I go most places alone. It’s not that I don’t have friends, many friends, good and dear friends with whom I’ve shared good and bad times, people I respect and care about, and who seem to feel the same way about me.
My friends, though, have responsibilities, houses and children, others who depend on them, jobs that require their full attention, savings plans that are a life raft against future tsunamis. Adult stuff. Insurance. Taxes. Paperwork. Caring for the future.
Me, on the other hand? Not so much.
If I spend a night out drinking, the only one who pays is myself, and time (or more drinking) erases the immediate cost. I don’t own a car so I won’t drink and drive. And if I blow my savings on strippers and pizza… if I run off to Vegas on a whim… If I jump out of a perfectly good airplane… there are no children’s tummies which will want for nutrition, no widow left behind to mourn my passing and curse my foolhardiness, no estate that will go unclaimed amongst my heirs, no work left unfinished.
As long as I pay my bills and my rent, I feel free to do whatever I want with whatever is left over.
So last week, on a Monday night, I walked into the Devil’s Point in dirty southeast, a fat roll of cash in my pocket.
I flirted with the bartender, who appears to be a former (or current) exotic dancer herself, though clad in t-shirt and jeans, and got the Drink of My People (Bombay Sapphire gin and tonic, twist of lime). I small talked with the folk at the bar, and looked around the place.
Being alone a lot in venues like these, I’ve been de-sensitized to how I must appear to others. But lately I’ve realized that people can, and do, notice. What’s the best way to counter the “lonely guy” look? Strike up a conversation with others, join their group, and show that I am, in fact, just as much a social creature as any other hairless ape. Or, better yet, talk to many groups. Be the life of the party, the host with the most, the guy with a gift for gab.
Those of you who know me can stop smirking now.
Drink in hand, I walked, shoulders back and relaxed, smiling, moving slowly but with determination amongst the tables full of hipsters and goths, to the stage. A dancer I did not recognize was finishing up, and there were two groups of people seated at the rack, on opposite sides of the stage. By pure chance I chose the group closest to me. Two guys and a girl. The guys wore button shirts and slacks, dress shoes, one with tie, the other in a sweater vest. The girl had on dress pants and a white blouse, blonde short hair, glasses.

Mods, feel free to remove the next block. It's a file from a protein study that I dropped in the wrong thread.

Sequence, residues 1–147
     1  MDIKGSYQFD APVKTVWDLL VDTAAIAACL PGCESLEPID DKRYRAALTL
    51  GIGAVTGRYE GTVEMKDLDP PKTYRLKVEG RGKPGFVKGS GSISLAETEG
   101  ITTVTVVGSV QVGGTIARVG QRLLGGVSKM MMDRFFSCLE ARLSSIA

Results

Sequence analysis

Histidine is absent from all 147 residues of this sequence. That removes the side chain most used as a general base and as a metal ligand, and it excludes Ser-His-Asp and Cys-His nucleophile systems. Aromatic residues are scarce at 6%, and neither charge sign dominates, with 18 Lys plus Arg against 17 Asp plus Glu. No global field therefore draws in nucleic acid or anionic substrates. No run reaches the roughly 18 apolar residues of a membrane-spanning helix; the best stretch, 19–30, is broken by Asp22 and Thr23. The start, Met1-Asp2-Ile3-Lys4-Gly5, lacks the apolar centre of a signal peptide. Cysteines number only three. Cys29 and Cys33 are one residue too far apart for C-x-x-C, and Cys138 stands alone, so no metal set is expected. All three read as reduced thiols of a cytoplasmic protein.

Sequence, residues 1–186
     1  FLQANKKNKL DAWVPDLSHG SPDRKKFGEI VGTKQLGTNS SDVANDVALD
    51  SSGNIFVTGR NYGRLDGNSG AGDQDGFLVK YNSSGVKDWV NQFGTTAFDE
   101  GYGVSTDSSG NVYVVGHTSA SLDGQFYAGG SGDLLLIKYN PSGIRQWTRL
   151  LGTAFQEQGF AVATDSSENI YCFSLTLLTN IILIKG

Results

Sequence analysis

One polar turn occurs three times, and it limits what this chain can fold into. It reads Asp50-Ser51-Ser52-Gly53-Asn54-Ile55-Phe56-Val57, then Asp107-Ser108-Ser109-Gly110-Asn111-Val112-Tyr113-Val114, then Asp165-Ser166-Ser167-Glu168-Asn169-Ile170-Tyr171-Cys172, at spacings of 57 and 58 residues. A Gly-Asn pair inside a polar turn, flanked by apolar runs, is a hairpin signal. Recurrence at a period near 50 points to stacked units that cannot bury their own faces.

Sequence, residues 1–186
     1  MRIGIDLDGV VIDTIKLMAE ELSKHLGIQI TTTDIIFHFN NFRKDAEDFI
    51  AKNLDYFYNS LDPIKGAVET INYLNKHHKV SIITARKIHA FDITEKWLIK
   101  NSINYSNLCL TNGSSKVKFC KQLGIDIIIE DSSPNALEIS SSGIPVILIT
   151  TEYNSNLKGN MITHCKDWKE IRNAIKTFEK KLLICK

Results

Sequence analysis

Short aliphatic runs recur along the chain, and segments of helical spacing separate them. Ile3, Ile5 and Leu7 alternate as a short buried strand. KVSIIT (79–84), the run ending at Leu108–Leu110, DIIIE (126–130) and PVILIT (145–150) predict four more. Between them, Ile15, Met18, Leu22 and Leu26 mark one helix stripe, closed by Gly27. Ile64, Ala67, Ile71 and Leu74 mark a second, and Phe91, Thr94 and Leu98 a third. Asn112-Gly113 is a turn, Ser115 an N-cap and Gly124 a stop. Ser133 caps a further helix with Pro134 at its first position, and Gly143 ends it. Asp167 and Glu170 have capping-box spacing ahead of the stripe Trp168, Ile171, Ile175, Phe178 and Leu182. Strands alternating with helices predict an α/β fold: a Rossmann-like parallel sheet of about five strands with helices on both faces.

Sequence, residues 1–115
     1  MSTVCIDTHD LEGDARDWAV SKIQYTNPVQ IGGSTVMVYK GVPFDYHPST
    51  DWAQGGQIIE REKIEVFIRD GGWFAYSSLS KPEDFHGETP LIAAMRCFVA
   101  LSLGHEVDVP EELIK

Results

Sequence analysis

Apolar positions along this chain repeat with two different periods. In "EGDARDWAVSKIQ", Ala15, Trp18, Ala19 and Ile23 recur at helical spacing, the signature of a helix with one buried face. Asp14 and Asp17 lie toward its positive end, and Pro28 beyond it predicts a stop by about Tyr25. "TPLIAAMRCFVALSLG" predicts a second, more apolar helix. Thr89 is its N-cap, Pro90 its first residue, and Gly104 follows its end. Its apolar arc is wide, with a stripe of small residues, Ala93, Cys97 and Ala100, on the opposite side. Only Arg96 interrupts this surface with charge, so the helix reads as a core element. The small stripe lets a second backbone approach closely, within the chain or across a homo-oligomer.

I sit down. I engage them in conversation. We banter back and forth. They ask me if I have a light for their cigarettes, and I decline, and tell them two out of three vices are enough for me (drinking and lap dances). The blonde guy makes a joke about being French and I make a comment about him knowing his vices, but he takes it as a comment about surrendering and the French, which gets a little personal (I meant no insult, but I can’t tell if he took it that way or was just playing along with what he thought I’d said) so I drop that thread and mention to the whole group that I think Monday nights is “Fire Dancing” night at the Devil’s Point, which causes them to grill me on what, exactly, that means and am I sure?
I’m not sure, but I like the idea of being the guy who knows, so I play it off. Depends on who’s dancing tonight, I tell them. It’s a good show, I understand. One of the dancers is especially known for her fire dancing; if she shows up, wow, watch out.
Several songs of banter go by, but no dancers take the stage. I came in right at shift change. Old shift leaving, new shift getting ready. I notice Stormy, and Rocket, and Selena, all coming and going from the dressing room, talking to the bartender, talking to the DJ.
Finally the dancers come out, one at a time, two or three songs each, slowly getting naked as the songs progress. This is the show. This is the entertainment. The punk rock, the Goth-y dancers, the buzz of alcohol, the sting of smoke. This is why I’m here.
I toss a dollar on stage for each song. If I like the song, sometimes I’ll toss more than one. It’s strip club etiquette.
The guys I’m with are throwing fives, tens and twenties on the stage. Each. Per song.
Who are these guys? That’s my first thought.
I hope I don’t look cheap next to these guys. That’s my second thought.
I picked exactly the right group to talk to. That… man, I wish I could say that was my third thought, but that did not occur to me until much later.
The dancers give the big spenders attention, but they give me attention, too, just as they give attention to the group at the other end of the stage. In fact, the group at the other end of the stage get a little more, because they seem to be regulars and well-known by several of the dancers, Selena in particular. I don’t particularly care, but the party I’m with… they notice. And they start throwing more money on stage.